10-year-old Miami boy dies after exposure to fentanyl, should parents be concerned about the drug?
The death of 10-year-old Alton Banks in Miami raised concerns about the possible presence of fentanyl in public places. It’s not known how Banks came in contact with the drug, but he died at home after returning from the neighborhood pool.
Police officers in Ohio have also been treated after coming in contact with the drug that is mixed with heroin. The drug is so prevalent that a woman revived a companion with naloxone, the opioid overdose reversal drug, in a Fairview Park McDonald's in April.
But, should parents be concerned about fentanyl powder in public? News 5 checked with two narcotics agencies who said exposure to the general public is extremely rare.
But, now drug dealers are also mixing fentanyl with cocaine, making fentanyl even more accessible. "Parents should be concerned if their youngsters are becoming drug users, or if their kids are hanging around those who abuse drugs even if their kids don't," said Chris Begley of the Lake County Narcotics Agency.
Police have alerted the public that addicts shoot up in public bathrooms, like those in gas stations. Authorities say you should talk to your kids about the possible presence of needles in bathrooms.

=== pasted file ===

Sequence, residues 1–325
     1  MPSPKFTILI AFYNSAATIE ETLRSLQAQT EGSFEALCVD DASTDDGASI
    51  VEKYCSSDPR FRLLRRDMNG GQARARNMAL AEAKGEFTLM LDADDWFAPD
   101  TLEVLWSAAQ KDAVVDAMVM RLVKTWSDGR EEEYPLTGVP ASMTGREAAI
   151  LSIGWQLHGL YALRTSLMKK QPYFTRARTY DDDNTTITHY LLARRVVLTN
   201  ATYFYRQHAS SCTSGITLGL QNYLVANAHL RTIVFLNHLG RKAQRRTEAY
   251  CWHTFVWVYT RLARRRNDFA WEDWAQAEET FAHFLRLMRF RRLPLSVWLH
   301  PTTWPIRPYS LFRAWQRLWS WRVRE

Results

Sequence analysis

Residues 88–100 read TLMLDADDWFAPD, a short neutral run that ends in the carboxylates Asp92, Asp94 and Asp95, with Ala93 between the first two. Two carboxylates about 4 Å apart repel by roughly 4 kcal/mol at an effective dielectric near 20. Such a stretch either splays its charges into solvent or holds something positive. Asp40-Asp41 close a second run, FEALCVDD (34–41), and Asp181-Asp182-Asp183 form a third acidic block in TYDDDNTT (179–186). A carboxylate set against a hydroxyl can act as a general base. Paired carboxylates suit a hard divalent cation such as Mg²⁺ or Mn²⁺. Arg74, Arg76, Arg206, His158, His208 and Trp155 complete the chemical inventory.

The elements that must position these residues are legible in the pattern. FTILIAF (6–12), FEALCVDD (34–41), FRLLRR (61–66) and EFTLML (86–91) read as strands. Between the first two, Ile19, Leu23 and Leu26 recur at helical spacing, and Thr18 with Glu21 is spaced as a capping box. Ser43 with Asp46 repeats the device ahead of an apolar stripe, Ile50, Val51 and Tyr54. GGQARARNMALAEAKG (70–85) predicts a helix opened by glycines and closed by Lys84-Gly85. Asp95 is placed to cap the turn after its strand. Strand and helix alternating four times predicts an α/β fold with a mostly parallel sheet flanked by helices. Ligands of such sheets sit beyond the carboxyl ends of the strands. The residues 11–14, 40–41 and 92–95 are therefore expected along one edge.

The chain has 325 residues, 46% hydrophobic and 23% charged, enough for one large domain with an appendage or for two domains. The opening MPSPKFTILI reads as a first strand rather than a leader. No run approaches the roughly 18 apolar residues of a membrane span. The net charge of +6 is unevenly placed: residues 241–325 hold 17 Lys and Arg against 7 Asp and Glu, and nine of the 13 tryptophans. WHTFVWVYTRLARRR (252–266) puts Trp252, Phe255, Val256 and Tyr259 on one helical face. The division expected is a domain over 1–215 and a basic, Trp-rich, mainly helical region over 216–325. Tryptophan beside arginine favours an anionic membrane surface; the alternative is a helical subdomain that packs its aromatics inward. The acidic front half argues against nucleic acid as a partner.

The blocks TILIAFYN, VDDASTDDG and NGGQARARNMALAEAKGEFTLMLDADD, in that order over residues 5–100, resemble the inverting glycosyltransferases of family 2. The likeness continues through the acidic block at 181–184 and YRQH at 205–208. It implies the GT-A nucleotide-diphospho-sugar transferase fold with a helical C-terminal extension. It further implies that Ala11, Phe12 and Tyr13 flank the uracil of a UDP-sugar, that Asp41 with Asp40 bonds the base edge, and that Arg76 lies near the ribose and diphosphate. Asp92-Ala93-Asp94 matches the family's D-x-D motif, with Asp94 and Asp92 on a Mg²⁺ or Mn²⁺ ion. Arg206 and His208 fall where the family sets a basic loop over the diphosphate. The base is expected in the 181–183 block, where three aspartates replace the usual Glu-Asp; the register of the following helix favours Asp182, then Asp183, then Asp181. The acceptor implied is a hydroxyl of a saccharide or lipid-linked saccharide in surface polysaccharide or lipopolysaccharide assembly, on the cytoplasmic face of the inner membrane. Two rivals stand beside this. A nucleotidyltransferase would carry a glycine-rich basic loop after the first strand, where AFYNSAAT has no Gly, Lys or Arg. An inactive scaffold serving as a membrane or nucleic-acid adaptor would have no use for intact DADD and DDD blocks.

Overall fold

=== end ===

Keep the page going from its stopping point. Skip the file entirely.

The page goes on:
Fentanyl is so dangerous, the Lake County Narcotics Agency just stopped field testing powdery drugs. Now, they collect it not only by wearing gloves but also by wearing a mask, goggles and arm covers.
The powder, often found in plastic baggies by police, is collected and sent to the crime lab for testing.
"The general public doesn't have to be concerned when they're just going to be out shopping, walking down the street with their children and encounter a fatal overdose of fentanyl. There really has to be an overt act involved," Begley said.
The Lorain County Drug Task Force has also halted field testing of suspected fentanyl, instead they send it directly to the crime lab for testing.
Published by WEWS News Channel 5 Cleveland